Seeking satisfaction through accumulation increases accumulation, not satisfaction
We all want to be happy. However, where we seek happiness determines whether we will become happy or not.
Frequently, we look for happiness through possessions, through getting more and more things, delighting in being their owners and especially in parading them before others.
However, when we get something that we have craved for, it gives only temporary pleasure. Soon, its attractiveness fades, and something else that seems more attractive pops up, frequently as the possession of others, and we start craving for it. Eventually, the more we get, the more we crave to get more things. Such greed and insatiable desire are characteristic of the mode of passion, as described in the Bhagavad-gita (14.12) The mode of passion drags our attention and our desire from the things we have to the things we don’t have. Even if we work hard enough and earn big enough to increase our possessions hugely, still there will always be things that we don’t have. And the fixation of our consciousness on those things will keep us dissatisfied. Thus, we will end up with increased accumulation, but not increased satisfaction.
Gita wisdom explains that we can find lasting satisfaction not through accumulation, but through realization – through realizing our own spirituality, wherein we understand that we are eternal blissful souls, parts of the eternal blissful Supreme, Krishna. We can realize our innate joyfulness most efficaciously by practicing bhakti-yoga, which is the path of joy eternal (09.02). It connects our head, heart and indeed our whole being with our Lord who is the reservoir of unlimited joy.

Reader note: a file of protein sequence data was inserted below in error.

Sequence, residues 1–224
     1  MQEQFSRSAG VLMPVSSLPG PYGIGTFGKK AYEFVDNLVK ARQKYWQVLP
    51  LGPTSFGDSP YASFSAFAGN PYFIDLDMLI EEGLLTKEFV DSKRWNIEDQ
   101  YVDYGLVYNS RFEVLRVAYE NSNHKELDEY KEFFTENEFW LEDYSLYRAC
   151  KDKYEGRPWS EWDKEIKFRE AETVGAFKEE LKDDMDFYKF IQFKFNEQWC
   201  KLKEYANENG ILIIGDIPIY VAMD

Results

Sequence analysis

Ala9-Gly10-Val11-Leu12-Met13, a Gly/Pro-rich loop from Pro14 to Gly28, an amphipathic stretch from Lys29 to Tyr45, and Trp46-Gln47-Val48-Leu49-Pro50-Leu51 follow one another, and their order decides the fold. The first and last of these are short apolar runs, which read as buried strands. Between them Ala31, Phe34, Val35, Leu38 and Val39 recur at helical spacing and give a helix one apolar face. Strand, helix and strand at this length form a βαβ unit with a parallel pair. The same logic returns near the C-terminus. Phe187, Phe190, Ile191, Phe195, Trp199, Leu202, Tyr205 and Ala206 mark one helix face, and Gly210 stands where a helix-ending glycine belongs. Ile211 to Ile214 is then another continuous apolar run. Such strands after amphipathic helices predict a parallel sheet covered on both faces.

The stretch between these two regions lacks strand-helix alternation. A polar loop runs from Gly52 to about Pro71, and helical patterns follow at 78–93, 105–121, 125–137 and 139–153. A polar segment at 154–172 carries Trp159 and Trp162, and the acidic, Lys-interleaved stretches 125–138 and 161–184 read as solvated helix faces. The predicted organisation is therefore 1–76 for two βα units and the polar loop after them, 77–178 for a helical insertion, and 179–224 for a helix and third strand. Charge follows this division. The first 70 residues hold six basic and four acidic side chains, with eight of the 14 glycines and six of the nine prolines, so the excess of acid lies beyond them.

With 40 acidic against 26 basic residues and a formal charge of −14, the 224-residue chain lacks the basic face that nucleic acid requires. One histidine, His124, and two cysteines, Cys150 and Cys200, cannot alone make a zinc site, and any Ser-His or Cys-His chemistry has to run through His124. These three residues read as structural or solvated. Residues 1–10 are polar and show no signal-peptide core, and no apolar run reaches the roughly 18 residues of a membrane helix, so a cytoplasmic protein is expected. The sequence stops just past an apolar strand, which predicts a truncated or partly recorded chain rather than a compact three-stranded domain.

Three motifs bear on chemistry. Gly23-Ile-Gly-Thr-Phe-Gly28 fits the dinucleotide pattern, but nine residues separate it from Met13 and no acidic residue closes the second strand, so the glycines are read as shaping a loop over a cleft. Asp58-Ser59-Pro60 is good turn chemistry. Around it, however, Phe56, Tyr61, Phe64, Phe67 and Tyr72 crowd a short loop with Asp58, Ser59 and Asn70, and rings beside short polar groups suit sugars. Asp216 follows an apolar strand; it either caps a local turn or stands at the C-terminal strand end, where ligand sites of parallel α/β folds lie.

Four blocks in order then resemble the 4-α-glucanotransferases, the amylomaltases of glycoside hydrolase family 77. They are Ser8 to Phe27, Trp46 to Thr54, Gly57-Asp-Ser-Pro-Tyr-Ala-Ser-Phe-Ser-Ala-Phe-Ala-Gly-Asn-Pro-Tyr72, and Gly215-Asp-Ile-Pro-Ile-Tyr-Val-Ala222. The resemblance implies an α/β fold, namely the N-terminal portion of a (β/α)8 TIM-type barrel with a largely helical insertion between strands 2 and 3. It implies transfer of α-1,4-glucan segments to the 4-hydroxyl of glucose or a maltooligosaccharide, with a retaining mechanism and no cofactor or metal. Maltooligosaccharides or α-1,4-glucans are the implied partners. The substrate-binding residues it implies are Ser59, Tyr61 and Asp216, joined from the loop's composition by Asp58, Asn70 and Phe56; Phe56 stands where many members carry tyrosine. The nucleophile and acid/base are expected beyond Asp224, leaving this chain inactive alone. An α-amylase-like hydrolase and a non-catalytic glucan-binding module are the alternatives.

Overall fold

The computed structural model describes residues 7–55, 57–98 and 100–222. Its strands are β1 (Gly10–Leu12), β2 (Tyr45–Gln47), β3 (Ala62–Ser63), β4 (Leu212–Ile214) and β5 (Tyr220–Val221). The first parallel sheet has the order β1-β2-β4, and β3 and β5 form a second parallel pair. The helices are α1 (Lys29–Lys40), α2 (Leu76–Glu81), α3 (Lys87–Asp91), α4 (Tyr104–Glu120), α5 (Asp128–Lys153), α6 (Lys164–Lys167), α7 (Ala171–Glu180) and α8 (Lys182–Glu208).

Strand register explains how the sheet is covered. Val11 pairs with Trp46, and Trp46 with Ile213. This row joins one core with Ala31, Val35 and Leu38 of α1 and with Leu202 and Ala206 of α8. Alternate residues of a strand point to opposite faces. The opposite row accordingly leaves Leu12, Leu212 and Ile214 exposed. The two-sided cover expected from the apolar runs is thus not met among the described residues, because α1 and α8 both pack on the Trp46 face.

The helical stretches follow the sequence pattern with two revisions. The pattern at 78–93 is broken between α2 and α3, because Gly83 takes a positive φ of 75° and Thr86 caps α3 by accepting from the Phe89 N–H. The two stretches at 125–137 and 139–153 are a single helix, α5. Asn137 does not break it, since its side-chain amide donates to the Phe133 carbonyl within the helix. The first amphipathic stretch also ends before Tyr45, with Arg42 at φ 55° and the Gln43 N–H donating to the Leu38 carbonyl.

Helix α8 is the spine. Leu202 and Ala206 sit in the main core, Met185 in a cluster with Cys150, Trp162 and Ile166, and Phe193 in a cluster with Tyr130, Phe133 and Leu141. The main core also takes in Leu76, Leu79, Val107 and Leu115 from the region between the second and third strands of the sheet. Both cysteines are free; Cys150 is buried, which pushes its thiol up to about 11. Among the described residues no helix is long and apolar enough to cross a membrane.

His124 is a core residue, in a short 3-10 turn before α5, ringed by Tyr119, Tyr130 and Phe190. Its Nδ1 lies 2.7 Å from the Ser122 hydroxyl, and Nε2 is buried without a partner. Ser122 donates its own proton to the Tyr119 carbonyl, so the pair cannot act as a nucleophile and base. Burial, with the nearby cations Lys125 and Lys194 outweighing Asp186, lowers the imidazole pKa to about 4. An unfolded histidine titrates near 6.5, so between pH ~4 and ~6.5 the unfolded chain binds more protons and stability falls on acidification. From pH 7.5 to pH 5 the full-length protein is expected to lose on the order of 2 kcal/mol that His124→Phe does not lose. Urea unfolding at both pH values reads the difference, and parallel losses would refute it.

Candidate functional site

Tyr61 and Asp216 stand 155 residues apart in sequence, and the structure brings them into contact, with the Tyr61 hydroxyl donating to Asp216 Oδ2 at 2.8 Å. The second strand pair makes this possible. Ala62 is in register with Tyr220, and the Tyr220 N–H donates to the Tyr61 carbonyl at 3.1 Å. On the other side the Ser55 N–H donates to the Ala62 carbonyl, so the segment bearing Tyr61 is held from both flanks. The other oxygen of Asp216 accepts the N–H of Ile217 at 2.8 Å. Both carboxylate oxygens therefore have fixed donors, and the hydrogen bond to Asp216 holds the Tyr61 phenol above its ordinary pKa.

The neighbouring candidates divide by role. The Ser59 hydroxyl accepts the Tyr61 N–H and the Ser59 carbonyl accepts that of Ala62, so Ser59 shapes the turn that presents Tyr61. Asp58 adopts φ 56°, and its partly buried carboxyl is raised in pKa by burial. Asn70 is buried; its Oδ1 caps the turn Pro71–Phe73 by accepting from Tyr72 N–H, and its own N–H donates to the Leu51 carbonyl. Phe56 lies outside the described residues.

Therefore, rather than letting our power to desire get futilely dissipated in craving and slaving for accumulation, we can direct that power towards Krishna by practicing bhakti-yoga. Through the resulting spiritual realization and devotional redirection, we can relish lasting satisfaction.
Think it over:
- Can you think of some recent possession that didn’t live up to the hype?
- Why does accumulation not lead to satisfaction?
- How is bhakti-yoga the path of joy eternal?
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